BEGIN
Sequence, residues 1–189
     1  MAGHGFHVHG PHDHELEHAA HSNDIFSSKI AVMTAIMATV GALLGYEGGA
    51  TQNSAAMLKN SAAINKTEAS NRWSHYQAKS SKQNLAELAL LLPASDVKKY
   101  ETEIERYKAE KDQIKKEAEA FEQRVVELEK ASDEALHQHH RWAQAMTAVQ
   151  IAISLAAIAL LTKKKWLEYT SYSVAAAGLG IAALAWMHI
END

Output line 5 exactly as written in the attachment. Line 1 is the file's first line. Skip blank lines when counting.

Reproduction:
   151  IAISLAAIAL LTKKKWLEYT SYSVAAAGLG IAALAWMHI